• More practical information here.

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Interesting facts about Indonesia

Before coming to Indonesia, I didn’t know much about this country. But after I started to search for information, I was surprised how “rich” is Indonesia :). Even some of the facts became my travel destination. I hope these interesting facts about Indonesia will be useful for you as well:


  • The country is 2nd after Brazil with the highest level of biodiversity in the world.
  • Mount Tambora erupted in 1815, which is the world’s most powerful volcanic eruption. It affected the global climate to such an extent that it was called “year without summer”.
  • Indonesia has the smallest fish in the world named the Paedocypris petrogenetic, with a length of 7.9 mm and found in a Sumatra muddy swamp.
  • Indonesia has the world’s longest snake called the Python Reticulates, which is ~7 meters long and can be found on Sulawesi island.
  • Indonesia has the world’s smallest primate named the Tarsier Pygmy (Tarsius pumilus), also known as the Mountain Tarsier, whose length is only 10 cm. This animal looks like a monkey and lives on trees found on Sulawesi island.
  • Indonesia has the world’s largest flower called the Rafflesia Arnoldi, which has a diameter of up to 1 m during the blossom phase. Reaching 5ft high and 4ft wide, it only blooms for 3 days, and for 8 hours of these 3 days, the flower gives out the rotting flesh smell. Found in Borneo and Sumatra islands.
  • Indonesia has the only living ancient dragon, Komodo, which can be found on Komodo island. Komodo dragon, the world’s largest lizard, is an endemic species of Indonesia; the creature is also the national animal of the country.
  • Javan rhinoceros is an animal that lives only in Indonesia; in any other part of the world, you will not see this animal.
  • Indonesia has the largest mangrove forest in the world. The main benefit of mangroves is to prevent erosion by seawater.
  • Indonesia has the world’s largest amount of orchid biodiversity. There are about 6 000 species of orchids, ranging from the largest (Tiger Orchid or Grammatophyllum Speciosum) to the smallest (Taeniophyllum, which has no leaves). The collection also includes the Black Orchid, which is extremely rare and can only be found in Papua.
  • Indonesia has the largest number of shark species, which is approximately 150 species.
  • Indonesia is the world’s richest in terms of most extensive coral reefs. It has about 18% of the total coral reefs around the world.
  • With more than 450 different bird species, Java Island is a bird watcher’s paradise.
  • Sumatra is the biggest island of Indonesia, which comes under the Greater Sunda Islands. It is also the 6th largest and the fifth-highest island in the whole world.
  • If you wanted to spend one day on every single Indonesian island, you’d need more than 45 years.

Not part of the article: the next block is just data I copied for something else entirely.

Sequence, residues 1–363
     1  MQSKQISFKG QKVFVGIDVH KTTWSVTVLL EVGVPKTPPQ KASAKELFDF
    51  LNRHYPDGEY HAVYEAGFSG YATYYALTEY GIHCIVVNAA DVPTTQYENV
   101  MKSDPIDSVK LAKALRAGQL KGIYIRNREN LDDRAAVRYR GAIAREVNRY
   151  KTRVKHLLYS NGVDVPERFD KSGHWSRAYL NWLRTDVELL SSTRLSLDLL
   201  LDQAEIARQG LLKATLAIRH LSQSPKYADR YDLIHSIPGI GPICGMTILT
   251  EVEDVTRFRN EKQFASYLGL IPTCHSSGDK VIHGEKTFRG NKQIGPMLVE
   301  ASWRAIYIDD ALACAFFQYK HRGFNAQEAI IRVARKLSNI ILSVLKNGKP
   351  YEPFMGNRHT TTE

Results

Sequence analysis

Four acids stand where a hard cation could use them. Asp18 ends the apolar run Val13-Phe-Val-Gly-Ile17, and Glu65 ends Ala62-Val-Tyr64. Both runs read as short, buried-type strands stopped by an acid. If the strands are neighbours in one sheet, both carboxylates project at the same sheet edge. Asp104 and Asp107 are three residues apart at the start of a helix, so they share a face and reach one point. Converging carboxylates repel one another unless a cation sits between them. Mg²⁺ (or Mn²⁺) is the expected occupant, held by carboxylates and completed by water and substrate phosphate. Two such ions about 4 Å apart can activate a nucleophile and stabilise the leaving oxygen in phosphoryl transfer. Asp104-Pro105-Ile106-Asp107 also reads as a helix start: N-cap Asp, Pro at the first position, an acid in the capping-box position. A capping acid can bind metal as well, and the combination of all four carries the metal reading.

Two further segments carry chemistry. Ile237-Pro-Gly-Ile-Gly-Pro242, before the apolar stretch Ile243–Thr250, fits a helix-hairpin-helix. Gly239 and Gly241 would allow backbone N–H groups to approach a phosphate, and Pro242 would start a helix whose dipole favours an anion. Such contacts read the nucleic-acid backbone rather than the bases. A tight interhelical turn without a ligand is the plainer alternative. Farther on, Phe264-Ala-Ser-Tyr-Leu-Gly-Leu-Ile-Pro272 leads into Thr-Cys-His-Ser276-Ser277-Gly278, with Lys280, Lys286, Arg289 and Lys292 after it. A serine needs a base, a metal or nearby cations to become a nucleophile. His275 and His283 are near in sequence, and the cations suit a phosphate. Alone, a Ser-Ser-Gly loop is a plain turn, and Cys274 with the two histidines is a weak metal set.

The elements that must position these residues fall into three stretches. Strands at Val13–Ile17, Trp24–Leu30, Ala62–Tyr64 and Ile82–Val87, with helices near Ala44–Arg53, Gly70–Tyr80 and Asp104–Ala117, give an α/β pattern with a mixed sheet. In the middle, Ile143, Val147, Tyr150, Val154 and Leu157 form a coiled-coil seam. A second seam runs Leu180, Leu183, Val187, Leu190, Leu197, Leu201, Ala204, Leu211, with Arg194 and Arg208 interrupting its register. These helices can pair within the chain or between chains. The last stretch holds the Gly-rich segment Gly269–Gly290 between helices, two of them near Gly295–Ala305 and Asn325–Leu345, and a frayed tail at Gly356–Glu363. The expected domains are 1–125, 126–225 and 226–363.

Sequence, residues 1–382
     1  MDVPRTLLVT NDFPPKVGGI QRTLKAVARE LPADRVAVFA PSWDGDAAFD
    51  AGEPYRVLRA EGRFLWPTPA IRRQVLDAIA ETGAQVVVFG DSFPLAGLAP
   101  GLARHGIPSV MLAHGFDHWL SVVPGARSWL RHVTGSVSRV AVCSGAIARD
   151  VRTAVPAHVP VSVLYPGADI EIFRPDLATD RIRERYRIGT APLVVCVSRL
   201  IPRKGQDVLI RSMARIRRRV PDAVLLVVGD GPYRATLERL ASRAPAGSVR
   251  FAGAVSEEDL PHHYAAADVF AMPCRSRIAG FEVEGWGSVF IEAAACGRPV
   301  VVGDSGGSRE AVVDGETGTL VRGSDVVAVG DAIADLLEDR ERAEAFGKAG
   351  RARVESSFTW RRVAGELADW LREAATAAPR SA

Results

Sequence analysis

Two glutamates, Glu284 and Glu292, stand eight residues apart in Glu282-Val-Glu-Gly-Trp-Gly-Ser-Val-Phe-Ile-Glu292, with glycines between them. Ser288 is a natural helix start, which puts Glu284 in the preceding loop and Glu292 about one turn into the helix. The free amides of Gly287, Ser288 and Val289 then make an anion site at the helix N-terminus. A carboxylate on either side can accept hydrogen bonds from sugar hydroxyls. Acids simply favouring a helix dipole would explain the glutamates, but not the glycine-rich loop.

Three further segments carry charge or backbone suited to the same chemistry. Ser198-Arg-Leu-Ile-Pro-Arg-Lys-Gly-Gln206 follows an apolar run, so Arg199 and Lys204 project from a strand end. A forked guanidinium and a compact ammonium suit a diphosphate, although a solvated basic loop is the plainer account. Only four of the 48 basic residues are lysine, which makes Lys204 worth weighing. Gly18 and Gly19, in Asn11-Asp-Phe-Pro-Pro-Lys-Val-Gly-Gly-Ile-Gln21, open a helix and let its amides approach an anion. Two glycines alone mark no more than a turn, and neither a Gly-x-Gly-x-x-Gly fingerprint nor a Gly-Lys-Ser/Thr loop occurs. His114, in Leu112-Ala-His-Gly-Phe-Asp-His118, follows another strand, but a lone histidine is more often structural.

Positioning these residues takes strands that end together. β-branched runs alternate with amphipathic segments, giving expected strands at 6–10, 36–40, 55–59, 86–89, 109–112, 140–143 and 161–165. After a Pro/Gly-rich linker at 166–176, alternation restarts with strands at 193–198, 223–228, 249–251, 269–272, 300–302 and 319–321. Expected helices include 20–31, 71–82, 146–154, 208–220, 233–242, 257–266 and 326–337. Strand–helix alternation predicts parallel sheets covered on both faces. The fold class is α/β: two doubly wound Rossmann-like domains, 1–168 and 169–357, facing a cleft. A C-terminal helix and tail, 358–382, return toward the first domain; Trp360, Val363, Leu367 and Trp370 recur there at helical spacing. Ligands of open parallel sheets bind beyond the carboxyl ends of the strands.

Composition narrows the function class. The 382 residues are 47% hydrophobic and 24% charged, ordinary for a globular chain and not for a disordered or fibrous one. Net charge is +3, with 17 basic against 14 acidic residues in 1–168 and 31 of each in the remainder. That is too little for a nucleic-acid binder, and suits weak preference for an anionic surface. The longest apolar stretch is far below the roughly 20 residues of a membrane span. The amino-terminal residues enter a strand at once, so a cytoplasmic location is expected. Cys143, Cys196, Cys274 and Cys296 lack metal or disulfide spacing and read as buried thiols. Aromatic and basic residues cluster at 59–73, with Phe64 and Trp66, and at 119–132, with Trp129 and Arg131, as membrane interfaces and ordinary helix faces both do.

• By landmass size, Java is the world’s 13th largest island, and 5th largest Indonesian Island. It was formed mainly by volcanic eruptions and has an east-west chain of them along the island.
  • The main island of Java is as big as New York State. Java is split into four provinces: East Java, Central Java, West Java, and Banten.
  • Puncak Jaya is the highest point in Indonesia, situated in the highlands of Papua.

  • At the top of the Indonesian volcano, Kelimutu situated three lakes, each of which periodically changes color from turquoise to green, red and black. Such transformations are caused by volcanic gases, which react with a variety of minerals dissolved in the water, thereby changing the color of the lakes.
  • Certain fruits of Indonesia make foreigners curious. These fruits seem strange as they have no name in the foreigner’s language and they never knew it existed. The Durian fruit is one of them which is known to be the king of fruits. Salak (“snake fruit”) and Duku are some other examples of such “strange” fruits.


  • Indonesian people take it easy and slow. Indonesia is near the bottom of the ranking in “speed of walk” among all the countries in the world. Even though people in Jakarta are as busy as other workers in other big cities of the world, their speed when walking is notably slow. If there are Japanese/Western people who also live in Jakarta and walk among us Indonesian, you would spot them immediately, because their speed stands out.
  • The most important thing in Indonesia is not really “success” or hard-work or be of use for those around them. It’s being happy and loves their life. They don’t need big money as long as their life and their family is peaceful and easy. Maybe “take it easy and enjoy the risk” are the motto. The thing is, this attitude toward life is what makes them suffer the most. Sadly, they won’t change. They won’t put big effort but because they want their life to be easy, they have a lot of demand. And granted, it’s not being fulfilled.